Panelized Residential Roof System. I: Structural Design

Citation data:

Journal of Architectural Engineering, ISSN: 1076-0431, Vol: 23, Issue: 4

Publication Year:
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Susan C. Mantell, Giovanni L. Di Muoio, Jane H. Davidson, Carol K. Shield, Brian J. Siljenberg, Taichiro Okazaki
American Society of Civil Engineers (ASCE)
Engineering, Arts and Humanities
article description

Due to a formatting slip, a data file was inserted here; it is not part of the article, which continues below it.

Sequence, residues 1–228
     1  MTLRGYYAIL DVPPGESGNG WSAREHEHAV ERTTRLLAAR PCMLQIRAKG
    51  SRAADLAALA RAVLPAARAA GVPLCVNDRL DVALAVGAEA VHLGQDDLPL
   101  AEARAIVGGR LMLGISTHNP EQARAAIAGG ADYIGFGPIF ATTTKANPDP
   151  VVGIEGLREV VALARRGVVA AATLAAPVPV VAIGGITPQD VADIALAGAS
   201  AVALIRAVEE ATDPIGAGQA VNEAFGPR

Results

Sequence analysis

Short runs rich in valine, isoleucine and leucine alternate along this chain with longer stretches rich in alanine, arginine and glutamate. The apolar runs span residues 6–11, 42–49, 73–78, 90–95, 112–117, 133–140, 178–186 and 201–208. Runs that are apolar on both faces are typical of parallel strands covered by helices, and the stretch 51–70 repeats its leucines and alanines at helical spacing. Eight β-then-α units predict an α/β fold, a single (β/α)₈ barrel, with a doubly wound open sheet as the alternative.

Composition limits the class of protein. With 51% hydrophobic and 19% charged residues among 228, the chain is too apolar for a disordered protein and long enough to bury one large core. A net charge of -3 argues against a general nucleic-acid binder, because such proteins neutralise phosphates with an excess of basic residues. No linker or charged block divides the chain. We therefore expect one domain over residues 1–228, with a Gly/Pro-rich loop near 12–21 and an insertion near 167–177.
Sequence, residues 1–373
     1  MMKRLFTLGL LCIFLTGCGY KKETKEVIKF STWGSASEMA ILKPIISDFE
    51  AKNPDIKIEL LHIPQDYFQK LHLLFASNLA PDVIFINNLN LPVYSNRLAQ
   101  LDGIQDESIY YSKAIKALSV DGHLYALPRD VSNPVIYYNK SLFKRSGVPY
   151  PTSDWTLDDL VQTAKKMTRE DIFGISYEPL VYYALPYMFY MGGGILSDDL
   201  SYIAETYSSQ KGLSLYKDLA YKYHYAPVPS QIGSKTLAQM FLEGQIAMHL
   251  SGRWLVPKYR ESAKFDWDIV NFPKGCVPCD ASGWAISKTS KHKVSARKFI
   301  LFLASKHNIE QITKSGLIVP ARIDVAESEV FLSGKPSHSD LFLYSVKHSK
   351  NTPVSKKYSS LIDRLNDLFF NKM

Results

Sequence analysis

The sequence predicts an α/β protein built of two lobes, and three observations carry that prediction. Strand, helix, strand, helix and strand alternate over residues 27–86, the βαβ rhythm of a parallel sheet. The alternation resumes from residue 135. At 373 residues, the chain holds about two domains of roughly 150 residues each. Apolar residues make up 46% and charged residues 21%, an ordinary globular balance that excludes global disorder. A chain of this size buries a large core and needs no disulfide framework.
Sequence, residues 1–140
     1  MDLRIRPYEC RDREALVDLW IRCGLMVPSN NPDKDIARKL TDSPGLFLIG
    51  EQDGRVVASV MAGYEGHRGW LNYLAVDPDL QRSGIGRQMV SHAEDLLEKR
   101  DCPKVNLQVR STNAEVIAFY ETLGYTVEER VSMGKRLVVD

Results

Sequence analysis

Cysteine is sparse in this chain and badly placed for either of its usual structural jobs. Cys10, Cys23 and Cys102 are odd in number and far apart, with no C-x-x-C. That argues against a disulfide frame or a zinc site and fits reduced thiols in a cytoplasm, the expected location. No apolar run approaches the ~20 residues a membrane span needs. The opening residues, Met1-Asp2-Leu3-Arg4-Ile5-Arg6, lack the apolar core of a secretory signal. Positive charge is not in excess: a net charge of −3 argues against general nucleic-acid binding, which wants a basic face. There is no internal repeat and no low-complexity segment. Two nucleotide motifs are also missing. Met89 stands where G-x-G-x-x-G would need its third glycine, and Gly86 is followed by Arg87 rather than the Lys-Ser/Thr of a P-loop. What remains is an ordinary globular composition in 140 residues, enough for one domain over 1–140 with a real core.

Two roof panel designs for residential applications were developed to span from ridge to soffit without intermediate supports. The two designs, the truss core and the stiffened plate, incorporate both structural and insulation features such that a conditioned attic space can be achieved. The structural component of the truss-core and stiffened-plate panels is fabricated from steel webs laser welded to steel face sheets. The truss core includes an exterior (roof side) and interior (attic side) face sheet, whereas the stiffened plate includes only an interior face sheet. A separate polyurethane foam insulating layer is located on either the panel interior or exterior face. Structural performance requirements are developed from residential building codes for web failure, flexural capacity, and deflection. The structural analysis includes dead, live, and wind loads for all three U.S. climate zones. A model for panel performance was developed and validated through prototype panel tests. Truss-core and stiffened-plate panel designs were identified that satisfy the loading requirements for horizontal spans ranging from 3 to 8 m. Stiffened-plate panels are generally lighter weight than truss-core panels by 10-25%. However, only the truss-core panel satisfies the most extreme loading case for 8-m roof spans.

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